Same as with any sport, to be able to get the results you expect in golf, you need to have reliable equipment to back you up, primarily the ideal clubs as it’s all to do with making the perfect strokes for getting the perfect scores. Out of all the designs and options, putters hold a special place because they can be true game-changers when it comes to playing and scoring with adequate finesse and precision.

What Is the Definition of a Putter?

Golf Putter

Basically, it’s the type of club designed for hitting the ball at a short distance with as few strikes as possible when on the green. What defines a good putter? The answer to this crucial question every golfer starts out with when choosing from a range of maneuverable golf putter collections differing in brand, features, and price has to do with focusing on aspects that make it ideal for you.

Checking the desired model’s shaft length, clubhead weight, shape, and balance is important, and so is making sure it’s the right fit for your individuality of the game, specifically your putting strokes – whether they’re more straight, arched, or half-arched. During impact, you also need to have an adequate level of feel.

How Do I Choose a Putter?

What would make shopping for golf putters for sale easier for you first and foremost is if you got acquainted with the components the putter consists of, such as the clubhead, the shaft, and the grip. Your comfort and success depend on these three:


Golf Putter Clubhead

This is available in a range of shapes, from blade and mallet to half-mallet, thus allowing you the choice from different levels of forgiveness, control and alignment resistance. It’s also this component that can affect the club feel mainly due to the grooves or insert technologies.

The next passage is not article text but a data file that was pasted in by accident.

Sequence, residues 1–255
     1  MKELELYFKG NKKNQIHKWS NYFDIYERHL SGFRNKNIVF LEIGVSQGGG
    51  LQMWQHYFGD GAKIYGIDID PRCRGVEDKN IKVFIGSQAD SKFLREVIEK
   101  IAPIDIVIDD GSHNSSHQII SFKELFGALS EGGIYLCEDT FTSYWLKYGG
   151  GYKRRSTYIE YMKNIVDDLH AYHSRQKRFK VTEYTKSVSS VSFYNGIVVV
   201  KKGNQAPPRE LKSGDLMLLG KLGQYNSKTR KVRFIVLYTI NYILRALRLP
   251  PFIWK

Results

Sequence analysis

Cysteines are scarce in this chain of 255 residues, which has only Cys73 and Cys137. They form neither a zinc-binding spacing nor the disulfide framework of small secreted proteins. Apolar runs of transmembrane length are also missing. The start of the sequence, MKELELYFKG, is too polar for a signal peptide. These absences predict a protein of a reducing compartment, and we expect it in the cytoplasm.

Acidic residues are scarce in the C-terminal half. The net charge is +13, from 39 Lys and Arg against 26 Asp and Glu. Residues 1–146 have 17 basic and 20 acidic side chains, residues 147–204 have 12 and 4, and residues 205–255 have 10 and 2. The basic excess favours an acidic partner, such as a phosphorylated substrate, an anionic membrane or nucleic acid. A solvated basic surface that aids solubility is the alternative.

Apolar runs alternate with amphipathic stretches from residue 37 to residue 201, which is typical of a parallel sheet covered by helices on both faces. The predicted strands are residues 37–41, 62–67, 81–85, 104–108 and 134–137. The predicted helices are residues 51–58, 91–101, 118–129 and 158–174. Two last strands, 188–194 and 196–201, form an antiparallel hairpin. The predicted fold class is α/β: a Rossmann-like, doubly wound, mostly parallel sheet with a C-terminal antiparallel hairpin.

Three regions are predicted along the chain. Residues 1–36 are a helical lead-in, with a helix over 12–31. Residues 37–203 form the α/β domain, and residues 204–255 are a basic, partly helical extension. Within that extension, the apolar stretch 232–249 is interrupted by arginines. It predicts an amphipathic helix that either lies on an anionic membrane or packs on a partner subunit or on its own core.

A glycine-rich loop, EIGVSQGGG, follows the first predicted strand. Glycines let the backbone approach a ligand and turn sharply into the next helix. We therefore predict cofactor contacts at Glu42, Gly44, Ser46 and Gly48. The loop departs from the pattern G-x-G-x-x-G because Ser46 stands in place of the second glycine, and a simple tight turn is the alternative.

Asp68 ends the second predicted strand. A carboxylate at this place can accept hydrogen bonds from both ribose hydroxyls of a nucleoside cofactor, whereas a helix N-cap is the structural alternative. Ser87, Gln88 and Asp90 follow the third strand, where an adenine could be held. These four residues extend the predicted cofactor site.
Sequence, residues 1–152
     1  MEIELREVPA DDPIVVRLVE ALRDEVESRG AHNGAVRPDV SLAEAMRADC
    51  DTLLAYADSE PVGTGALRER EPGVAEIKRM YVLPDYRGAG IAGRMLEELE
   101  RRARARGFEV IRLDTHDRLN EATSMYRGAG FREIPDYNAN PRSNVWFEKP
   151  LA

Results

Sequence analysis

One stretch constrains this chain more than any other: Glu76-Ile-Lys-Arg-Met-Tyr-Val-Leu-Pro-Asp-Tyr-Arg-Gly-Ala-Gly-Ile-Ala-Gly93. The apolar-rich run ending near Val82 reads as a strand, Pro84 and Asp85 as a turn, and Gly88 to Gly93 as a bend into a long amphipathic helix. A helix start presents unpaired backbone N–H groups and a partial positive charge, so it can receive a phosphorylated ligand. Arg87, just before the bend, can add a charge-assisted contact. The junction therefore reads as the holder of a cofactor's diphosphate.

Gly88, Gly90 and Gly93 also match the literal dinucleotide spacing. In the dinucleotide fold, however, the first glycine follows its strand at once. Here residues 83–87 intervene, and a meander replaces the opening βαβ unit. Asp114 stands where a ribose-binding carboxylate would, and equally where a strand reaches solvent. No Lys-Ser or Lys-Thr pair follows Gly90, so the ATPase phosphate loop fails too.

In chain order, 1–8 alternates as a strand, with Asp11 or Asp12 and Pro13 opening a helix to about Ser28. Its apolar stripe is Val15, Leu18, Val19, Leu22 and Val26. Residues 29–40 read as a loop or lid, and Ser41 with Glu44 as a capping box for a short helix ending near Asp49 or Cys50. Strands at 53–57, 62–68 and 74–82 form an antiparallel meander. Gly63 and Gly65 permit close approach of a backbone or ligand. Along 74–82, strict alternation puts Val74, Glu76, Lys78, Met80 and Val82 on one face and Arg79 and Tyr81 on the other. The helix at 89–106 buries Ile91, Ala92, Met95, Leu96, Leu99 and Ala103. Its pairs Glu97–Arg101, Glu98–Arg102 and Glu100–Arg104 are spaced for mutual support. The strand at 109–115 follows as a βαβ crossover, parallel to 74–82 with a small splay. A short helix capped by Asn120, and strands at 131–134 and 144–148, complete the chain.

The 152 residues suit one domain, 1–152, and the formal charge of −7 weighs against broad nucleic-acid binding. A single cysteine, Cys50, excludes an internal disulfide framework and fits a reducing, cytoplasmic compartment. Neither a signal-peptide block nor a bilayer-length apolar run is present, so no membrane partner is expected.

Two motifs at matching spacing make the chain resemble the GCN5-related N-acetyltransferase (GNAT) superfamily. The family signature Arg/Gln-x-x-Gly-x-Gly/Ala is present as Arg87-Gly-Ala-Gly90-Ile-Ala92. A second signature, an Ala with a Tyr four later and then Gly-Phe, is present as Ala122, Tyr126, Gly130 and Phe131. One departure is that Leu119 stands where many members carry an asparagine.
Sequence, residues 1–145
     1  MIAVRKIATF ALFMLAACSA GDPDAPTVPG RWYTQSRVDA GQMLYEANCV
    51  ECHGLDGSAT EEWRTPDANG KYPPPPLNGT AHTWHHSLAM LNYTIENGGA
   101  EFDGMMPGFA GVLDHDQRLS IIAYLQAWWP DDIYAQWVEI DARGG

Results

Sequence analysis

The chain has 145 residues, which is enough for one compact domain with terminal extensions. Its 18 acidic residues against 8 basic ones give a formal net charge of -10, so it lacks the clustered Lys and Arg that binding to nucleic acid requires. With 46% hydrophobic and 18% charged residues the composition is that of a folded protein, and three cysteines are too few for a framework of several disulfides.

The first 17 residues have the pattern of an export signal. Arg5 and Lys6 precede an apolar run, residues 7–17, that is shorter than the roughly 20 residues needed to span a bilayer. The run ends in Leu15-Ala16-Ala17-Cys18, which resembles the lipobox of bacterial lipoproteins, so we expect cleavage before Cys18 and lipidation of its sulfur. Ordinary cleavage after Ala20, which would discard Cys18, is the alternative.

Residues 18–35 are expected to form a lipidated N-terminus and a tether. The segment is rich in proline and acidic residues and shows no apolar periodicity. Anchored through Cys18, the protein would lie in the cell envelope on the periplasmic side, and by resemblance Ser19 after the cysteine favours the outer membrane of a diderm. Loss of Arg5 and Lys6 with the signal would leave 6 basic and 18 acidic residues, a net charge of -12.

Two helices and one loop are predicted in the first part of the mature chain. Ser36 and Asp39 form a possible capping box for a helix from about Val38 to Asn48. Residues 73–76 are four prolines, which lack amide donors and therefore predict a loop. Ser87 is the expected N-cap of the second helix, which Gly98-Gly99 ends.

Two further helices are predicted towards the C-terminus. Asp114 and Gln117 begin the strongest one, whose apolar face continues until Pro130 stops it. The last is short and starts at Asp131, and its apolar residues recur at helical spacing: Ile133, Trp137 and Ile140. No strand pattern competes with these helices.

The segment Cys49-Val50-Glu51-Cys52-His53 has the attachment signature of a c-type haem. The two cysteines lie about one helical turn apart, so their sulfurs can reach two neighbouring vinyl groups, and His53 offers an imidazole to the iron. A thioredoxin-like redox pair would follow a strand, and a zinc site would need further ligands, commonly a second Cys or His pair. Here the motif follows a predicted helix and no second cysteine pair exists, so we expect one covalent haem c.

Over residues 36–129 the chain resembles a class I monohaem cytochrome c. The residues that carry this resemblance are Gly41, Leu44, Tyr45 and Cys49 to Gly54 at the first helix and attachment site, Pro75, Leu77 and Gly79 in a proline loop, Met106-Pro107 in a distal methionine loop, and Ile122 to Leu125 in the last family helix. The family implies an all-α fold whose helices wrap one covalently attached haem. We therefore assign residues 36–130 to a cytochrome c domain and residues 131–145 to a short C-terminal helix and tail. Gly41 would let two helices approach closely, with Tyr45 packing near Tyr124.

Each of the designs of golf putter clubhead is suitable for different types of strokes. For example, the straight-stroke golfer could benefit from the mallet which is bulkier than the lightweight blade suitable for golfers with arched strokes. Neither strictly as thin and agile as the blade, nor as forgiving as the mallet, you have the perfect balance between the two in the half-mallet perfect for golfers who like to arch back and then do a straightforward downswing.

When choosing as a beginner, you might want one out of two things: control or speed. If it’s more control, a heavier clubhead would be better for making smoother swings, whereas if you’re after more speed, then there’s no doubt the lighter alternative would be the ideal option for you.

In terms of clubhead balance, there’s another distinction you ought to be aware of and it’s that of the toe-hang and face-balanced putters. If you see these two mentioned when shopping for this club, keep in mind it has to do with the way you swing when faced with putting.

For example, the toe-hang is the clubhead that rests when balanced on the golfer’s fingers, towards the toe of the putter specifically. As such, it’s the perfect choice for golfers with arched putting strokes as they result in an added inertia during impact.

As opposed to this, the face-balanced is the option where the clubhead faces sideways when placed in the golfer’s palm, so the focus is on the clubface. This makes such putters highly forgiving and ideal for golfers who do straight-back-and-forth strokes. hen you have no problem with alignment or speed, but need more forgiveness, it’s face-balanced you should look into.


Next up is the part that acts as the connector between the clubhead and the grip. With such a central role, it has its importance in the overall balance of the club, especially the shaft’s length. The taller you are, the longer the shaft should be, but usually, it’s the range between 83 to 88 cm that suits most golfers. Given that the shaft influences your control over the putter, and the consistency of the strikes, if you’re taller than 1.90 m or shorter than 1.70 m you should consider getting a custom-made putter.

Grip Options

Golf Putters Grip Options

Not less important than the other two components, the grip is the only one that allows you to have direct contact with the putter. As it’s the part that can influence a golfer’s steadiness and strike smoothness execution, it’s necessary to choose the one that mostly feels great for your hand size and personal preference when it comes to shape, size, and material.

If you like to have more control over the strikes, opting for a smaller grip than you would normally pick is the better choice as it would let your hands do the work when you find yourself on the green. If you’d like to add more weight, however, and prevent the twitching motion, then it’s best to go for a bigger grip.